by: Debbie Matz, Chairman, National Credit Union Administration
This month I’m resuming my Listening Tour to engage in face-to-face dialog with credit union officials. If you have ideas about how we can improve the regulatory environment or the examination process, I want to hear from you.
Notice I said how “we” can improve – not only how “NCUA” can improve. NCUA cannot do this alone. We each have roles to play. To write more effective regulations and conduct more constructive exams, NCUA needs to hear your perspectives.
First, I need to assure you: If you have a legitimate complaint about how an exam was conducted, NCUA really does want to hear from you. Your constructive comments can help NCUA create a more effective examination system.
Yet, the lines of communication sometimes break down in the examination process. NCUA encourages credit union management to provide ongoing feedback during the exam, and to work with examiners to resolve issues before the final report is written.
After an exam, some credit union officials may simply be unaware of their options. Did you know that NCUA offers six different levels to appeal an exam? Did you know that NCUA also offers a confidential channel to report on examiners? All of these options are highlighted below.
Six Levels for Appeals
- Examiner – The first step is to approach your examiner. Taking this step can be effective when there is disagreement over the facts, conclusions, and tone of an exam report.
- Supervisory Examiner – After speaking to your examiner, you may contact his or her supervisory examiner, who will evaluate the facts and review the analysis.
- Regional Office – You may also send a letter to your NCUA regional office. Analysts will weigh the facts, and the regional director will issue a decision in writing.
- Office of General Counsel – If you have a legal issue regarding your exam, you may write to the Office of General Counsel at OGCMail@ncua.gov at any time.
- Office of Examination and Insurance – If you have a question about a safety and soundness matter, you may write to the Office of Examination and Insurance at E&IMail@ncua.gov at any time.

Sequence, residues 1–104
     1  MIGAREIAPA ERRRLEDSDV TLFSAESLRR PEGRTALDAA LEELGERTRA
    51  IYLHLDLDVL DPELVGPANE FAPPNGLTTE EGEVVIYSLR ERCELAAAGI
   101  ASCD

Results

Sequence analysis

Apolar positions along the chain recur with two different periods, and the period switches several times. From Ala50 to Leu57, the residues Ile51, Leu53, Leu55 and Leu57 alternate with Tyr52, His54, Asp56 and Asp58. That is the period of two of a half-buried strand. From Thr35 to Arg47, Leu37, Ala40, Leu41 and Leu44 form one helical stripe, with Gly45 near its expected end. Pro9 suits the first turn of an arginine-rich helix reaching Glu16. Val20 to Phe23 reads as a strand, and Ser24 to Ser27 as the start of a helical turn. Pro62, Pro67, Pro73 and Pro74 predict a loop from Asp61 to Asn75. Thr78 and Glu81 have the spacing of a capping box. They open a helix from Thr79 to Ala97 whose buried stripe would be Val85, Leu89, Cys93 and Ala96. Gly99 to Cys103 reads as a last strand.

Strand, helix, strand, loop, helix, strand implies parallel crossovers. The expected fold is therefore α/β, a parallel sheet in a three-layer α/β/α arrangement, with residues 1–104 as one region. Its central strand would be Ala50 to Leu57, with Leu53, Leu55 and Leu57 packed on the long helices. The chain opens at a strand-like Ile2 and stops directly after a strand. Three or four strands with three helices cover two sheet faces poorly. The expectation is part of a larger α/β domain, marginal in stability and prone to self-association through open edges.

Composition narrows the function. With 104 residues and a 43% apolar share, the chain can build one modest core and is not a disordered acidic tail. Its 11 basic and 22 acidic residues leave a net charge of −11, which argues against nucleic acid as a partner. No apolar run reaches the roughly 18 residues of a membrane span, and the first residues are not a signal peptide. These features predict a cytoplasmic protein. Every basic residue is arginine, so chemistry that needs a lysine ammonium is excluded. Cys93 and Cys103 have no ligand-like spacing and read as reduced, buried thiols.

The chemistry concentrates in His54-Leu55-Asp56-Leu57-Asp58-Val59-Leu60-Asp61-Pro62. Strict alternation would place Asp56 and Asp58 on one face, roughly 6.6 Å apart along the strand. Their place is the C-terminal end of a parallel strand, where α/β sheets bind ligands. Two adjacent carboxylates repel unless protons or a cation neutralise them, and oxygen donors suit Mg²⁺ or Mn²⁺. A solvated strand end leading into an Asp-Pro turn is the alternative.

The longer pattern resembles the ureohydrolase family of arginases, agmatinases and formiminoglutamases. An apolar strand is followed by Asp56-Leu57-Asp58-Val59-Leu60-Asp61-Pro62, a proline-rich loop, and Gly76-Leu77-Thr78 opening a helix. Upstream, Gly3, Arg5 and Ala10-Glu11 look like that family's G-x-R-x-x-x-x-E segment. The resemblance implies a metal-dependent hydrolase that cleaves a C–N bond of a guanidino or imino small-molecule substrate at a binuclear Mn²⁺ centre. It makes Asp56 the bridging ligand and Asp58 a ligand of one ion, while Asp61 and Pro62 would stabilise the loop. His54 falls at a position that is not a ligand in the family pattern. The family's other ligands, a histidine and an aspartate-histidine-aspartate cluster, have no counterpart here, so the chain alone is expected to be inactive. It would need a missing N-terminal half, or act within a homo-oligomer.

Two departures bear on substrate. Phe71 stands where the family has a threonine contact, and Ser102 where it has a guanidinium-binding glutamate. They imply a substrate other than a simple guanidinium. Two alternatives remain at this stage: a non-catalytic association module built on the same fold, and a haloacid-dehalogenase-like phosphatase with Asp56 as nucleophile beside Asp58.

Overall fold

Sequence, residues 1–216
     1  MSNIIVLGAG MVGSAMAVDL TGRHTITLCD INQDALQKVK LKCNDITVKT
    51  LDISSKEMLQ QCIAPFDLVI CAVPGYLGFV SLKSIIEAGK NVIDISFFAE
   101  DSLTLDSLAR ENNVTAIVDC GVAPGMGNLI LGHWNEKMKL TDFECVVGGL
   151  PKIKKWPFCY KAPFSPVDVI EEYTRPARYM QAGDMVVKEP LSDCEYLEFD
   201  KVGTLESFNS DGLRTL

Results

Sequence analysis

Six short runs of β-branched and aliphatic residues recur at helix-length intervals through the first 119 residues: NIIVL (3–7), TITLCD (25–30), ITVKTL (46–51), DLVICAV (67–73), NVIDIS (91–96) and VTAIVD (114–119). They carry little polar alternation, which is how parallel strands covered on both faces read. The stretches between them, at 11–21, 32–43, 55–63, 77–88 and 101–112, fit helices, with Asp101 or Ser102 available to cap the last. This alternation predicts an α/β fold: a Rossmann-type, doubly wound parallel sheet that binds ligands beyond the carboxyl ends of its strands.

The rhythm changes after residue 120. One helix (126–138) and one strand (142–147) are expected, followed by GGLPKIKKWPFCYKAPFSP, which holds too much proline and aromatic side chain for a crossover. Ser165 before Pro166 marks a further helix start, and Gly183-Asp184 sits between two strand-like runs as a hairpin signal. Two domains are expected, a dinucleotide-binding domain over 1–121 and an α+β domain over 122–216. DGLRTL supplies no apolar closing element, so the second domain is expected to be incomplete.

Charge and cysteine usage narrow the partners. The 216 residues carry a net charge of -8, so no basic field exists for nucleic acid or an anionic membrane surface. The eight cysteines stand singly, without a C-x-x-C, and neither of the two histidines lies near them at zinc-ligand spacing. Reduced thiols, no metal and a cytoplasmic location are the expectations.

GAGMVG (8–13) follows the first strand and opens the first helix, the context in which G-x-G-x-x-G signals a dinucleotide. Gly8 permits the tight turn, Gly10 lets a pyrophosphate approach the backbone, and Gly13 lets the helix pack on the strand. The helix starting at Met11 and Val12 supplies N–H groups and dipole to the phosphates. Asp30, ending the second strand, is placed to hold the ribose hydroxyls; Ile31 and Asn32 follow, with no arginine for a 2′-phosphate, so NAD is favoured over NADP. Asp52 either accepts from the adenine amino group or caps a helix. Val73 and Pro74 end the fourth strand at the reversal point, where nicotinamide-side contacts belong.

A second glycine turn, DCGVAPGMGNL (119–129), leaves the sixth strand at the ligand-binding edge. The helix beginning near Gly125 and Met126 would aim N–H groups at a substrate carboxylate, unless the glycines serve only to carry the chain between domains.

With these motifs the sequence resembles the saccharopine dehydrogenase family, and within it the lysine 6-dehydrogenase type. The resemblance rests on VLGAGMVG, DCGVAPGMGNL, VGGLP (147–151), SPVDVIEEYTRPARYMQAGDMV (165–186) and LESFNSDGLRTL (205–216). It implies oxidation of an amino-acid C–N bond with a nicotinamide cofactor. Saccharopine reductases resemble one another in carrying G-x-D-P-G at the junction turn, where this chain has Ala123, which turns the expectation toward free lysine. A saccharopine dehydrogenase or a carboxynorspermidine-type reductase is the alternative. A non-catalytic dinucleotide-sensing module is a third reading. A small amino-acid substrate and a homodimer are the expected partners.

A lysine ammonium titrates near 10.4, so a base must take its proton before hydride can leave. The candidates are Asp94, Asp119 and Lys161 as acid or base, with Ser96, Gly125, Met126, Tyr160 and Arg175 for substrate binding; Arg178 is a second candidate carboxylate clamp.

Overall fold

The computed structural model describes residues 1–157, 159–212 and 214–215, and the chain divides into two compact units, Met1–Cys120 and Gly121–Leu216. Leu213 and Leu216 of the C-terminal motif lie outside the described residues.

- Supervisory Review Committee – The most definitive step is to contact the Supervisory Review Committee at NCUA, 1775 Duke St., Alexandria, VA 22314-3428. Comprised of three senior NCUA executives unrelated to the exam program, this committee reconsiders and makes recommendations on a variety of issues including CAMEL codes 3 through 5 and ALLL funding determinations.
Reporting Unprofessional Behavior
If you feel an examiner has behaved inappropriately, immediately call the Office of Inspector General at 800-778-4806.
To protect credit unions from reprisals, NCUA has a zero-tolerance policy against retaliation. Examiners may not take action against a credit union for using any formal or informal appeal channel. If a supervisor finds that an examiner has retaliated with unreasonable action against a credit union, that examiner will face disciplinary action.
NCUA is keeping an open-door policy to hear your appeals. If you think you have a situation in need of review, go ahead and knock!
Debbie Matz was nominated by President Barack Obama to serve as the eighth board chair of the National Credit Union Administration (NCUA). After confirmation by the U.S. Senate on August 7, 2009, she was sworn in on August 24, 2009. Mrs. Matz is no stranger to NCUA and credit unions having served as a board member at NCUA from January 2002 to October 2005.
NCUA is the independent federal agency created by the U.S. Congress to regulate, charter and supervise federal credit unions. With the backing of the full faith and credit of the U.S. Government, NCUA operates and manages the National Credit Union Share Insurance Fund, insuring the deposits of nearly 92 million account holders in all federal credit unions and the overwhelming majority of state-chartered credit unions. www.ncua.gov